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Harris Corporation Engineering Center, Room 101A


Experimental evidence indicates that the most important cause for cell death, mutation and transformations induced by ionizing radiations is damage to DNA [1]. The cell nucleus has a very different environment from a dilute aqueous solution owing to the high global concentration of macromolecules (DNA, RNA, proteins etc.) ranging from 65 to 220 mg/ml [2]. Due to the high radical scavenging capacity of the cell nucleus, free radicals produced via radiolysis of surrounding water, •OH, H-atom, solvated electrons (eaq¯) (i.e., indirect effect) are largely scavenged by proteins, glutathione and biomolecules other than DNA [1, 3]. The indirect effect occurs principally via hydroxyl radical (•OH) reactions since •OH is far more damaging than either the H-atom or solvated electrons [1]. Direct effect of ionizing radiation on DNA (DNA molecule plus the layer of solvation) thus accounts for up to 50% of the damage to DNA and it results in various diamagnetic products and strand breaks [1, 3].

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Recent advances in our understanding of various mechanisms of both direct-type and indirect effects will be the major focus of this talk. We note here that major advances of the radical chemistry to elucidate mechanisms involved in direct and indirect effects have resulted from various radiation techniques including pulse radiolysis, ESR, mimetic approaches based on generating radicals site-specifically in DNA for example, via Norrish-type photoexcitations [4] aided with quantum chemical calculations [5]. Supported by the NIH NCI via grant R01 CA045424.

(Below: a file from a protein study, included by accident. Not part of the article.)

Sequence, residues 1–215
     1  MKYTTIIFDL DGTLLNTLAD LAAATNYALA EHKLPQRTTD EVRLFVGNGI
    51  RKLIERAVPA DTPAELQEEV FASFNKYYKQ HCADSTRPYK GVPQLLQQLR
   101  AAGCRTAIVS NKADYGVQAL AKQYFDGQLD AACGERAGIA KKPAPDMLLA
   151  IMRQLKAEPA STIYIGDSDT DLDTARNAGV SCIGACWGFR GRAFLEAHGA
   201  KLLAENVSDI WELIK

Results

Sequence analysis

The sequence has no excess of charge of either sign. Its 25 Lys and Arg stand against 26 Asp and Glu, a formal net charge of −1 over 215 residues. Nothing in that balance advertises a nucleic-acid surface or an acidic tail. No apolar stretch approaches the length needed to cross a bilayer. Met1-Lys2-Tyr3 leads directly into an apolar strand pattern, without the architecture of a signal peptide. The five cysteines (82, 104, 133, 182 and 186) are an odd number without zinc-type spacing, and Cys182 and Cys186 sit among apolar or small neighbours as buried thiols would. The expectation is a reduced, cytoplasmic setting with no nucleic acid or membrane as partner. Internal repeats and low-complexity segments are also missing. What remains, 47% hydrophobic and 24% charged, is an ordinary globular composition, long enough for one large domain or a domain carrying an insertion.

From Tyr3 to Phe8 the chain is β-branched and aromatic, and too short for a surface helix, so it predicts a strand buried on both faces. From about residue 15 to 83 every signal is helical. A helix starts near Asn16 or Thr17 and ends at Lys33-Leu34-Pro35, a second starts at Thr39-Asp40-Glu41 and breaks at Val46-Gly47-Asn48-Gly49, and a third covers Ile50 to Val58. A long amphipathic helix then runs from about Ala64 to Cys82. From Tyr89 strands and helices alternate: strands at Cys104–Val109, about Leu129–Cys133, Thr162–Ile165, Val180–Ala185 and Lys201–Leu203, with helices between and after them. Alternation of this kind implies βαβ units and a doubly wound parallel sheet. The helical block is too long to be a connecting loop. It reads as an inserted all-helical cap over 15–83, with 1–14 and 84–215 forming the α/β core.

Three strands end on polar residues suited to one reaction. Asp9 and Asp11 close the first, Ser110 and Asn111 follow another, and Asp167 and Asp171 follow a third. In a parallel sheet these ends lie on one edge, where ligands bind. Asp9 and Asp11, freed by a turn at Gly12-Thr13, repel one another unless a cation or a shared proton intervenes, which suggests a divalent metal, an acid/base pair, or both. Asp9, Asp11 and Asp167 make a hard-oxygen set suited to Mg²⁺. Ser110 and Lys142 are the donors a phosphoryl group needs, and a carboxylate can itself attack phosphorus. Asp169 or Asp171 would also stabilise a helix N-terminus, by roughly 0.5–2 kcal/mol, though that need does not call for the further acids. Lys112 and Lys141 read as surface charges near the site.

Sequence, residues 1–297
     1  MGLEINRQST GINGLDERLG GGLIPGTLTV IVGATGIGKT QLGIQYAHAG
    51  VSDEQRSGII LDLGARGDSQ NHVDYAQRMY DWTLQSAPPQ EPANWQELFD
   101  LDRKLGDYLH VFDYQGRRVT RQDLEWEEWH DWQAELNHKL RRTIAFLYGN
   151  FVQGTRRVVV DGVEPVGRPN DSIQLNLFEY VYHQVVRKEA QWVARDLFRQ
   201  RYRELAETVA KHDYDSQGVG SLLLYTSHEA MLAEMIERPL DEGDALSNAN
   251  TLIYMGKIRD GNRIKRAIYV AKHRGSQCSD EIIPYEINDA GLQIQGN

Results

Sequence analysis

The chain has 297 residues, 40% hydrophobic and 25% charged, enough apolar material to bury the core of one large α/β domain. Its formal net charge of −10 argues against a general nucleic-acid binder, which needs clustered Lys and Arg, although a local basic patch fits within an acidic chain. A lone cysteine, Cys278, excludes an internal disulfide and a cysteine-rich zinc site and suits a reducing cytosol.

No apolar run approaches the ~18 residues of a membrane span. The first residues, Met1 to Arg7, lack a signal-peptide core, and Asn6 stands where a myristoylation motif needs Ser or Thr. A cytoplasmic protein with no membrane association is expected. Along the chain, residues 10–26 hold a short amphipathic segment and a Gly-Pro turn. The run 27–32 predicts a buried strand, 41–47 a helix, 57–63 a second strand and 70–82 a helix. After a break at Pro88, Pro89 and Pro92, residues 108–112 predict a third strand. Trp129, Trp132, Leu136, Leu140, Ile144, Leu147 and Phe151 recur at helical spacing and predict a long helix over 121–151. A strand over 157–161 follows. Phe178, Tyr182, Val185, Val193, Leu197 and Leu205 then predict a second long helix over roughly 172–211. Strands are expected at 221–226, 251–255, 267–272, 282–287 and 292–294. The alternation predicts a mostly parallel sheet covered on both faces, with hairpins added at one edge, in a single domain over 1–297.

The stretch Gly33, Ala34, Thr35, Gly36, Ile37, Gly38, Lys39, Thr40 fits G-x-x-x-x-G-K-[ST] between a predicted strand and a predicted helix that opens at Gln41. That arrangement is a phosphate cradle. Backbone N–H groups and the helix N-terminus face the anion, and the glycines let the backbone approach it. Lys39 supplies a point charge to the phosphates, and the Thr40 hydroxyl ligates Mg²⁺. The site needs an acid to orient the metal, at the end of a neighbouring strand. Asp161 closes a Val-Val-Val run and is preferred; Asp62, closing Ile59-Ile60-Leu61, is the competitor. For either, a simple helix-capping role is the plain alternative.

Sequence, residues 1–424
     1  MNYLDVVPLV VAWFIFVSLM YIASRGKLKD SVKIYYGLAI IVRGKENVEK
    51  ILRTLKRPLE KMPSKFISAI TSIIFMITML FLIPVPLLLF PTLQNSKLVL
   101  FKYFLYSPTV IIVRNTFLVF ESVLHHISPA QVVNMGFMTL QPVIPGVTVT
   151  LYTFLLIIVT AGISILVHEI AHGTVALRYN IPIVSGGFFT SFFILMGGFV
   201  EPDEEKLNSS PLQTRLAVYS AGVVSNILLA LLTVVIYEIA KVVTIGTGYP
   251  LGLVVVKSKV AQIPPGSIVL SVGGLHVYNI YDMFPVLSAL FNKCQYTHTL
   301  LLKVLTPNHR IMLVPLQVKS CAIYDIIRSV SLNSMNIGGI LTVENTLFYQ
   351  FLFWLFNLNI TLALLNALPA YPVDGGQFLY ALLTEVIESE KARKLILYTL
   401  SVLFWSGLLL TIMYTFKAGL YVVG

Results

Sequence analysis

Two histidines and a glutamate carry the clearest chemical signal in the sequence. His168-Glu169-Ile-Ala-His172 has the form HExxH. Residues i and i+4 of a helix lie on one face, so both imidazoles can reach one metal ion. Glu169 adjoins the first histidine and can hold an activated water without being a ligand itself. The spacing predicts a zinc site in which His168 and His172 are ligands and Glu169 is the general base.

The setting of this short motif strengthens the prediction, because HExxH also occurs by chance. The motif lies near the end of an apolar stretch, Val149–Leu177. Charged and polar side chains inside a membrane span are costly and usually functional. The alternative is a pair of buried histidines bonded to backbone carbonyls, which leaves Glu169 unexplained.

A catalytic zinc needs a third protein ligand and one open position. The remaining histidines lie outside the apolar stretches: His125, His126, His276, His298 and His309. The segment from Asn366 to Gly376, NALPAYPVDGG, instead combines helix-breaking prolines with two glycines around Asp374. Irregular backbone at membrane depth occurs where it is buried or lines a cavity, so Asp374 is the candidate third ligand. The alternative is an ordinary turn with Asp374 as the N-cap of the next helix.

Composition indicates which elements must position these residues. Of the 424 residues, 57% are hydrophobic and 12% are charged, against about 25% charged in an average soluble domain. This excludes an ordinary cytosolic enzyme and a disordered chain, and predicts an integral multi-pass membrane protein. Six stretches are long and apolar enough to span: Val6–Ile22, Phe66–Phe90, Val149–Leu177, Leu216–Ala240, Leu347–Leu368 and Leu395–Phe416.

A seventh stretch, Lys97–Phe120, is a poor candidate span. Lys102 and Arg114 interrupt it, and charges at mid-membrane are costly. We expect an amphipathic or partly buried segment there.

1. Von Sonntag, C. Free-radical-induced DNA Damage and Its Repair; Springer-Verlag, Berlin, Heidelberg; 2006.
  2. The Nucleus. Volume 1: Nuclei and Subnuclear components, Methods in Molecular Biology 463; Hancock, R. Ed.; Humana Press, New Jersey, 2008.
  3. Becker, D.; Adhikary, A.; Sevilla, M. D. Physicochemical mechanisms of radiation induced DNA damage. In Charged Particle and Photon Interactions with Matter - Recent Advances, Applications, and Interfaces; Hatano, Y., Katsumura, Y., Mozumder, A. (Eds.), CRC Press, Taylor & Francis Group, Boca Raton, London, New York, 2010, 503–541.
  4. Greenberg, M. M. Org. Biomol. Chem., 2007, 5, 18 – 30.
  5. (a) Adhikary, A., Kumar, A., Becker, D., and Sevilla, M. D. Theory and ESR spectral studies of DNA-radicals. In Encyclopedia of Radicals in Chemistry, Biology, and Materials; C. Chatgilialoglu, A. Struder (Eds.), John Wiley & Sons, Ltd., Chichester, UK, 2012, 1371 – 1396.
    (b) Adhikary, A., Becker, D., and Sevilla, M. D. (2014) Electron spin resonance of radicals in irradiated DNA. In Applications of EPR in radiation research (A. Lund, M. Shiotani (Eds.)), Springer-Verlag, Berlin, Heidelberg, (In Press).


Amitava Adhikary, Ph.D.

Department of Chemistry

Oakland University

Rochester, Michigan

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Light refreshments will be served


Ushaben Lal NanoScience Technology Center 407-882-0032